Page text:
Steelers Report Card: Playoff game vs. Broncos

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Ben Roethlisberger had never lost a road playoff game and it looked as if he might continue that streak when he rallied the team from deficits of 20-6 and 23-13 in the second half. He made a number of big plays, including the tying 31-yard TD to Jerricho Cotchery on a busted play to force OT. But, when he had a chance to win the game in regulation, his fumble on a sack forced the Steelers to use a timeout and knocked them from FG range.


Isaac Redman had to shoulder the bulk of the work without injured Rashard Mendenhall and was superb in his first playoff start. He rushed for 121 yards on 17 carries and had a couple of big runs in the second half to keep his team in the game. Redman averaged 7.1 yards per attempt and had runs of 32 and 28 yards in the second half that resulted in 10 points. He showed he can be a good complement to Mendenhall.


Jerricho Cotchery had a big third-down drop in the first quarter, but he more than atoned with his 31-yard TD catch that forced overtime. Emmanuel Sanders and Antonio Brown combined for 11 catches for 151 yards and made several big plays in the fourth quarter. But Mike Wallace continued his indifferent play by dropping a 51-yard pass that could have been a big momentum-changer. He finished with three catches for 26 yards.


The unit began the game without All-Pro C Maurkice Pouncey and lost LT Max Starks in the second quarter. Still, the Steelers rushed for 156 yards, including 111 in the second half. But the line broke down in the fourth quarter when Roethlisberger was under pressure and sacked three times on the final drive. A bad shotgun snap by C Doug Legursky cost them a chance at a field goal at the end of the first half.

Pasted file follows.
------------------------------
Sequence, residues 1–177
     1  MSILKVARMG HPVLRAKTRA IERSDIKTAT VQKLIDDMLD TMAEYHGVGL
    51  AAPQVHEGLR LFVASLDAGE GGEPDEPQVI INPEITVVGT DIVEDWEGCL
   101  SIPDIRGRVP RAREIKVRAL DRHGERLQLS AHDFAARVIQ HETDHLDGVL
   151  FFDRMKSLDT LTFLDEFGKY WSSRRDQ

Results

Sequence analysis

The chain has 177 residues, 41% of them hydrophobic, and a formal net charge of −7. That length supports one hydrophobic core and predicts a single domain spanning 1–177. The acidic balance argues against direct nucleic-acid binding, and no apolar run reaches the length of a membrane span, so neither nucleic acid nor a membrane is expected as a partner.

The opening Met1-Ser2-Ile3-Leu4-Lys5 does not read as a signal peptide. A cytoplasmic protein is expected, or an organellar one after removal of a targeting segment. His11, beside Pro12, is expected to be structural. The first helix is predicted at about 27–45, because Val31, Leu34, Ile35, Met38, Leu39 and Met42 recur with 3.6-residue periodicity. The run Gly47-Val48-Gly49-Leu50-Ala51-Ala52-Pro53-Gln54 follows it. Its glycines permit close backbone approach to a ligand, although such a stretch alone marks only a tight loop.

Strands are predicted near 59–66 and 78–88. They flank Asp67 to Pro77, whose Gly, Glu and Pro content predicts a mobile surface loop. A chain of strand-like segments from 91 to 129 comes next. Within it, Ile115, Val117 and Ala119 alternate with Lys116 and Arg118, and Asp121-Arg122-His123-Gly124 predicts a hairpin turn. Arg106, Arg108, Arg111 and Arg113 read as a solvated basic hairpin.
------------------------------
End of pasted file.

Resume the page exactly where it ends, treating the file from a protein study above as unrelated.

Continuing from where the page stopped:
The Steelers lost NT Casey Hampton (knee) on the first series and DE Brett Keisel (groin) in the second quarter, forcing DEs Ziggy Hood and Cam Heyward and NT Steve McLendon to play most of the game. The Broncos had the No. 1 rush offense in the NFL, but they were held to 131 yards and averaged just 3.9 yards per carry. Heyward had a big forced fumble to create a turnover that the Steelers turned into the tying touchdown.


It was the first time since Week 4 that James Harrison and LaMarr Woodley played a full game together, but it didn't matter. Woodley could not get any push and was mostly a non-factor. Harrison was victimized numerous times on option runs by QB Tim Tebow. ILB Lawrence Timmons was the best player on the field, making two big tackles for losses on RB Willis McGahee in the first half and helping to hold him to 61 yards on 19 rushes.


The No. 1-ranked pass defense allowed the worst-rated QB in the league to complete passes of 58, 51, 40 and 30 yards -- all in the first half. CB Ike Taylor ruined what was a good season by getting beat for passes of 51 and 58 yards to Demaryius Thomas in the second quarter and the winning 80-yarder to Thomas in OT. He also had a costly pass interference penalty in the third quarter. Even S Troy Polamalu got beat for a 40-yard completion.


There was no return game to speak of because Matt Prater's boomed all his kickoffs through the end zone. And the only time the Broncos returned a kickoff, the Steelers stopped Matthew Willis at the 15. Shaun Suisham was perfect on three FG attempts, including a big one from 37 yards in the fourth quarter. And Jeremy Kapinos averaged 46.5 yards on four punts, including a 62-yarder from the 20. No big plays, but no big gaffes, either.


The season ended the same way it began -- with a disjointed performance by the defense in which they were outexecuted, outperformed and outschemed by an 8-8 team. The offense didn't come to life until it was almost too late. Maybe the number of injuries to key players finally caught up to the Steelers. But the mistakes against the Broncos were made by the key players who remained, and that has not been their standard.


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